Crypto, ICO Regulations Coming to the UAE in 2019by Fintechnews Middle East 1. January 2019
The Security and Commodities Authority (SCA), the United Arab Emirates (UAE) financial regulator, will introduce regulations for initial coin offerings (ICOs) by the end of the first half of 2019, a move aimed at providing company with an alternative, regulated avenue for companies to raise capital through crowdfunding, reports the National.
“We have signed agreements with law firms to come up with the sandbox and rule books for the issuance of ICOs,” said Obaid Al Zaabi, the SCA chief executive.
“Legal requirements will be finished by the end of the first half of 2019… then there will be adoption of technology and development of infrastructure on the side of the exchanges.”
ICOs, a fundraising mechanism in which new blockchain-based projects sell their underlying crypto tokens in exchange for bitcoin and ether, raised more than US$7.5 billion in 2018, according to ICOData.
Al Zaabi said ICOs provide small and medium-sized enterprises with a novel way of raising capital that’s away from traditional tools.
The SCA, which supervises and monitors the markets, has approved ICOs as securities and will work with the Abu Dhabi Securities Exchange (ADX) and Dubai Financial Market (DFM) to develop trading platforms for ICOs in 2019. The SCA said it will help facilitate the adoption of blockchain technology of the Abu Dhabi and Dubai stock exchanges for the issuance of ICOs.
An implementation plan will be on the ground after agreements with ADX and DFM are finalized, Al Zaabi said. “Our market is open. [ICO] registration and licensing is available for all kinds of companies, from across the world,” he added.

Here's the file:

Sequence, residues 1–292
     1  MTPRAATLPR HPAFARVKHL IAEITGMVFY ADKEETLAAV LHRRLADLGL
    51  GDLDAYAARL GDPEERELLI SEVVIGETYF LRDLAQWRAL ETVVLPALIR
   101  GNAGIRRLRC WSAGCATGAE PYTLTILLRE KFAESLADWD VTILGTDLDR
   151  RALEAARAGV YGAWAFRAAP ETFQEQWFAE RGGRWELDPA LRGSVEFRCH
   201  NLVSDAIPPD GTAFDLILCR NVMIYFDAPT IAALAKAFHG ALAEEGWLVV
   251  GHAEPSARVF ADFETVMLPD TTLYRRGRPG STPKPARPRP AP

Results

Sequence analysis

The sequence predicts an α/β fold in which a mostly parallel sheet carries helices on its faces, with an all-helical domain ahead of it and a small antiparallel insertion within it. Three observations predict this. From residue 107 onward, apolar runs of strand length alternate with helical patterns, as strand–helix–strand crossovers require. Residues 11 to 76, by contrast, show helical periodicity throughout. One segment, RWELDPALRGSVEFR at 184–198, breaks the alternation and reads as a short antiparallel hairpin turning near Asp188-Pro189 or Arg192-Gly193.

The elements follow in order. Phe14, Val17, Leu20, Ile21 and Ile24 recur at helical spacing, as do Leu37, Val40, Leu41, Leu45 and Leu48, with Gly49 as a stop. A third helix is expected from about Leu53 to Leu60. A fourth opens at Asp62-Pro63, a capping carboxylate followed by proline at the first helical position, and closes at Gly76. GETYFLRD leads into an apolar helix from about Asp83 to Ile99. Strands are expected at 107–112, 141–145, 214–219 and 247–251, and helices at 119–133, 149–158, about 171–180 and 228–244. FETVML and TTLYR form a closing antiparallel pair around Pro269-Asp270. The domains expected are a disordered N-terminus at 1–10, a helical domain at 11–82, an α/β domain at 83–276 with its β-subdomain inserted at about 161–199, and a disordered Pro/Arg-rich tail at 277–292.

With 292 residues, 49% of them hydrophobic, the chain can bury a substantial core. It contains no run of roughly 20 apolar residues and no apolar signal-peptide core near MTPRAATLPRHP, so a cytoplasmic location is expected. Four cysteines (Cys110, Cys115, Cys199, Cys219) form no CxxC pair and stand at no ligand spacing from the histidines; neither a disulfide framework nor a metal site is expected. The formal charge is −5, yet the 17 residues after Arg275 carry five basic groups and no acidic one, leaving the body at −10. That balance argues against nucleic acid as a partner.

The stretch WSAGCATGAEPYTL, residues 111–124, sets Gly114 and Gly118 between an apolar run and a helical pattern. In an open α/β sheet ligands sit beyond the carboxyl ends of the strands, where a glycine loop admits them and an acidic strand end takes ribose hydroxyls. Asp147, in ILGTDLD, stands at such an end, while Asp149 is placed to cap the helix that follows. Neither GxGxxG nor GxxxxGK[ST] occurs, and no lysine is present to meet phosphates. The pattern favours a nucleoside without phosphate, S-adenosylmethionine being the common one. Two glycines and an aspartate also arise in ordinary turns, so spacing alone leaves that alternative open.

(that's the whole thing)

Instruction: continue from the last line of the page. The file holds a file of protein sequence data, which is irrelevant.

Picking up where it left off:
According to experts, the move is set to position the UAE as a leading regional destination for blockchain-related businesses as it joins the list of global regulators that have decided to standardize ICOs and cryptocurrencies.
Japan requires cryptocurrency exchanges to apply for a license and the Financial Services Agency (FSA) is working on introducing new ICO regulations. Gibraltar launched its Distributed Ledger Technology (DLT) Regulatory Framework in 2018 and is looking to formulate a legal framework for ICOs. And the New York State Department of Financial Services is issuing so-called BitLicenses to companies who want to operate virtual currency related activities.
“The UAE is perfectly positioned to be a global leader in the ICO space,” Hans Fraikin, chief executive of Libra Project in Abu Dhabi, which is issuing equity tokens in green utility infrastructure, told the National.
For blockchain and cryptocurrency startups, the UAE is the most progressive and promising jurisdiction in the world, he said, adding that the Abu Dhabi Global Market and the Dubai International Financial Centre were keen to implement cryptocurrency regulations in 2019.
“If they succeed as planned, they will be at the forefront of this new burgeoning global securities sector,” Fraikin said.
Andrea Bonaceto, chief executive of Eterna Capital, a fund management firm in London, said that being one of the first jurisdictions looking to regulate ICOs is position the UAE at the forefront of the industry.
“Owing to the government’s efforts to keep actively modernizing its financial infrastructure, the UAE will become a competitive location to attract ICOs and blockchain related investments in 2019,” Bonaceto predict.
The UAE has set out to become a top crypto hub and the world’s first blockchain-powered government, as stated by prime minister Sheikh Mohammed bin Rashid al Maktoum.
In October, the government of Dubai and IBM announced the launch of the Dubai Blockchain Platform, the first government-endorsed blockchain platform as-a-service in the UAE. The initiative is part of Dubai’s Smart Dubai plan and the Dubai Blockchain Strategy in which IBM was named the official blockchain strategic partner.
Other blockchain applications have been launched across different sectors including roads and transport, energy, healthcare and education.
Featured image: Dubai, UAE, Pixabay.